It can often be inappropriate to reduce any team down to a numbers game, but the analytics for the Cavaliers help paint the full picture.
Last season, the Cavs were dead last in the NBA for pacing (96.27). While pacing might not be the first statistic that jumps out at a fanbase as to how their team plays, it is a crucial component of a team’s ability to make the most out of every possession. A team’s pace is the average amount of possessions that team uses within the 48 minutes of regulation. When a team is sluggish coming up the court and drains the shot clock every possession, they wind up settling for bad shots and subpar results like the Cavaliers did last season.
With such a young athletic roster, their complacency to waste time on offense halted their growth far too often. Coupling that with a stagnant offense defenses could easily predict every time down the floor, it was no surprise Cleveland could not find the answer in the playoffs – they had one gameplan and sank or swam with it every night.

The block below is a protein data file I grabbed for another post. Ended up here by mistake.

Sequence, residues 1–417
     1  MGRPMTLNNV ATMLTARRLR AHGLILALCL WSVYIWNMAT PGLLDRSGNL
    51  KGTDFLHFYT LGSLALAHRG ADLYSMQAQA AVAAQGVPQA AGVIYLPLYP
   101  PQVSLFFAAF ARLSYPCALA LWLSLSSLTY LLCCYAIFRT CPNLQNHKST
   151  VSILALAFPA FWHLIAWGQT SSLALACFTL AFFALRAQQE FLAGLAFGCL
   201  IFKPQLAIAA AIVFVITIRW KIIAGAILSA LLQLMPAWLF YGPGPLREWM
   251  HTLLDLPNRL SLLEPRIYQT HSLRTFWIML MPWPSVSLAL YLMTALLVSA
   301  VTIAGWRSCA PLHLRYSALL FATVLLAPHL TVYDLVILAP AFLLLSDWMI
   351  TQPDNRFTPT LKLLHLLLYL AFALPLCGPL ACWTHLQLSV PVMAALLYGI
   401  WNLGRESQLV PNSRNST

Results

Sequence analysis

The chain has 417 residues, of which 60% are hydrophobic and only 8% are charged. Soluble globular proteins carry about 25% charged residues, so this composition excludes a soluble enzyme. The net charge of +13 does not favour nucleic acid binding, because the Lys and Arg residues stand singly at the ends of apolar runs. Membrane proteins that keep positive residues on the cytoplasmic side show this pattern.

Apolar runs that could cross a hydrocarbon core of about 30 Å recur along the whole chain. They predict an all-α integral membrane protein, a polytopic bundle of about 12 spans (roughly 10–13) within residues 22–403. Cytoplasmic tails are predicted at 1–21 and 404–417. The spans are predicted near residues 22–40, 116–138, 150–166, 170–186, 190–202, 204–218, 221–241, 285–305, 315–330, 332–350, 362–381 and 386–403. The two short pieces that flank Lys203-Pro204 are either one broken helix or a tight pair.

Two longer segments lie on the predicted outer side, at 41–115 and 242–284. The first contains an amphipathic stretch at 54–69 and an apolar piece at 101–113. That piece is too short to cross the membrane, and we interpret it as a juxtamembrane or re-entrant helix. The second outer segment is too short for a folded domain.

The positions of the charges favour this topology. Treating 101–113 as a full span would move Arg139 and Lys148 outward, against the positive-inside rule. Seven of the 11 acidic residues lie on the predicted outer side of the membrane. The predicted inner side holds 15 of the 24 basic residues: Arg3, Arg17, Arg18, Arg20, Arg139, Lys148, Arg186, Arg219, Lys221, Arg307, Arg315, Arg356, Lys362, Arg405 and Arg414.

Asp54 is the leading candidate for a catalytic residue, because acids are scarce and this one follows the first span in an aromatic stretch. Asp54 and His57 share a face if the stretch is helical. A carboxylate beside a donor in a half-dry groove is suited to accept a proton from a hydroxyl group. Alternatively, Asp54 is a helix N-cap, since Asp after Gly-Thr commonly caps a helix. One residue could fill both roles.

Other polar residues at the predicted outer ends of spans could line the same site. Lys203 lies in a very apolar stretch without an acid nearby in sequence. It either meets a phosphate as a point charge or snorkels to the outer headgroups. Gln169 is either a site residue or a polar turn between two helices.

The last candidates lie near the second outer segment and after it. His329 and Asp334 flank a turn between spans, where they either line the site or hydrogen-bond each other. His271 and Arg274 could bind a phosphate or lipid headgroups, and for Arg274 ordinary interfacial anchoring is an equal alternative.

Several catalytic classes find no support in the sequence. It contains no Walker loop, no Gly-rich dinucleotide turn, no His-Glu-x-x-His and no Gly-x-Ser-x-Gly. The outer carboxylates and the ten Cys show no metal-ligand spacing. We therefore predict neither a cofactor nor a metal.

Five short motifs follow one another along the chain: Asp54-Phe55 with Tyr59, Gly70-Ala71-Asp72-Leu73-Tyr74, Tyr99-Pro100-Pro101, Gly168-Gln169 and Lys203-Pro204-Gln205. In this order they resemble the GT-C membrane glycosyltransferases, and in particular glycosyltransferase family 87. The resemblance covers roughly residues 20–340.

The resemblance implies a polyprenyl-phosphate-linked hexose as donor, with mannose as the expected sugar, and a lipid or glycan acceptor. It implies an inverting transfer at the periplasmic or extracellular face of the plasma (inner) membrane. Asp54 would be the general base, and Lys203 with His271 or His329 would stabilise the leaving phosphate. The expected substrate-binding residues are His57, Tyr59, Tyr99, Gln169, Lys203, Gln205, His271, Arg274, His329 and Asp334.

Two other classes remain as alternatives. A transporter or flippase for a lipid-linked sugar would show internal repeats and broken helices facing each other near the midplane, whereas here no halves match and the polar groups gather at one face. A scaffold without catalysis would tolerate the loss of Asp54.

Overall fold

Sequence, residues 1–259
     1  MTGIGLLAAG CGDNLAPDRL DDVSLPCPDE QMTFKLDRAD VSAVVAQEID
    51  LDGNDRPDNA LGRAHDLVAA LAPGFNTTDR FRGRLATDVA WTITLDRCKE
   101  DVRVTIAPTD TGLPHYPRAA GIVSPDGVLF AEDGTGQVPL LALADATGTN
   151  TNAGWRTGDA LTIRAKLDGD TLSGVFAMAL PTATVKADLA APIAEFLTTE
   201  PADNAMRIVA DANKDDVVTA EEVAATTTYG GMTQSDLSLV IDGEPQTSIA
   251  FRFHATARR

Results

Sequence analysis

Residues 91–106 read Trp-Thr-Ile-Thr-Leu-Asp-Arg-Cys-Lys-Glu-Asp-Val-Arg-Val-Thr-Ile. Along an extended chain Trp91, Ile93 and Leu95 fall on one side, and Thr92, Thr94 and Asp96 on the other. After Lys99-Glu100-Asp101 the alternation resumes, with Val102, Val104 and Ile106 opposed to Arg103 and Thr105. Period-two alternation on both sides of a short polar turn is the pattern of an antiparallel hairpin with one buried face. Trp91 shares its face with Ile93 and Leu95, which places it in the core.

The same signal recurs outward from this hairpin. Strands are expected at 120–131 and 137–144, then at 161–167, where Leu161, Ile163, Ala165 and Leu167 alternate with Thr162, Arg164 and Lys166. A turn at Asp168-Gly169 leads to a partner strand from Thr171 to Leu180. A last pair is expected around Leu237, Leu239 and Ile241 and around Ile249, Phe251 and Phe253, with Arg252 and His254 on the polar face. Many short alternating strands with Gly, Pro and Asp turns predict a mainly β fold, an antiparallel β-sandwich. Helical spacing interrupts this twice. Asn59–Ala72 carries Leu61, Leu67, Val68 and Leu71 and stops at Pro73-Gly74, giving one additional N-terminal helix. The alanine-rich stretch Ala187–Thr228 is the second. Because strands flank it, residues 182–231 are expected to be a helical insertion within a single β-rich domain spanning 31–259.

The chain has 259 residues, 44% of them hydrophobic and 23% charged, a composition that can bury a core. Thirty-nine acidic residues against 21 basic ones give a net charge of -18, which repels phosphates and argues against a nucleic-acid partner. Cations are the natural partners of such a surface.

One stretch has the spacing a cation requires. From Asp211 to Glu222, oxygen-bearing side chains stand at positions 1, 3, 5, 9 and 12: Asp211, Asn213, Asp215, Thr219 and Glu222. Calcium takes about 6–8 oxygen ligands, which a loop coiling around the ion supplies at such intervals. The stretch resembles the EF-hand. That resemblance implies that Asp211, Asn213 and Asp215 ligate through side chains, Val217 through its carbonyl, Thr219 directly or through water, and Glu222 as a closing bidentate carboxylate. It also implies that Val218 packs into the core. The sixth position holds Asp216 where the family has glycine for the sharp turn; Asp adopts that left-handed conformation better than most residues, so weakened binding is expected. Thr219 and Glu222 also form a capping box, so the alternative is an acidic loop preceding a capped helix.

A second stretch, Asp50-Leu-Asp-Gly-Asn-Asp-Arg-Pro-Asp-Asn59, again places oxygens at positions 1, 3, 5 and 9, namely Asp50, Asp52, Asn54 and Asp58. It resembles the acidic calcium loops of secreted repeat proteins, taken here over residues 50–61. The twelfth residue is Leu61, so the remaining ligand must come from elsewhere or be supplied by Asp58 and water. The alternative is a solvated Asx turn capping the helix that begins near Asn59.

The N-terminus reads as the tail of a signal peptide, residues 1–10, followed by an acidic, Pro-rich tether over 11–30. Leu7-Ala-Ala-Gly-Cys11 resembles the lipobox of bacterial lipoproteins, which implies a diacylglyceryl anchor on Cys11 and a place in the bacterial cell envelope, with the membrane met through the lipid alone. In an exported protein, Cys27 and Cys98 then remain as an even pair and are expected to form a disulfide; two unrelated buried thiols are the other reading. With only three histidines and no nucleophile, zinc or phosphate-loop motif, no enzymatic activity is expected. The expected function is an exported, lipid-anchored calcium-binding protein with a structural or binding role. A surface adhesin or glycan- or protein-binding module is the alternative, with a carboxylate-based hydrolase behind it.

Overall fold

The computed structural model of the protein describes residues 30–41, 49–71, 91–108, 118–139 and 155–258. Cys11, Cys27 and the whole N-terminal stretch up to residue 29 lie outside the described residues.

They already have shown strides in the right direction this preseason, ending the preseason with a 105.38 pace, placing them 12th in the NBA. Jumping 18 spots suddenly is a major stepping stone for this season, especially considering the Cavs are not playing at full speed in preseason.
If the Cavaliers were to label any player as the X-factor in their increased pacing thus far, Max Strus may have the strongest argument for it. Strus’ unwavering hustle and dynamic confidence are the reasons the Cavaliers targeted him in free agency, securing him in a sign-and-trade with the Miami Heat on a $62.3 million contract over the next four seasons. Plenty observers had questions whether or not Strus will be the same player outside of the Miami system, but thus far he has not lost a step.
Alongside Strus’ production has been internal growth of one key player who has already shown a fantastic two-man game with the former Heat forward.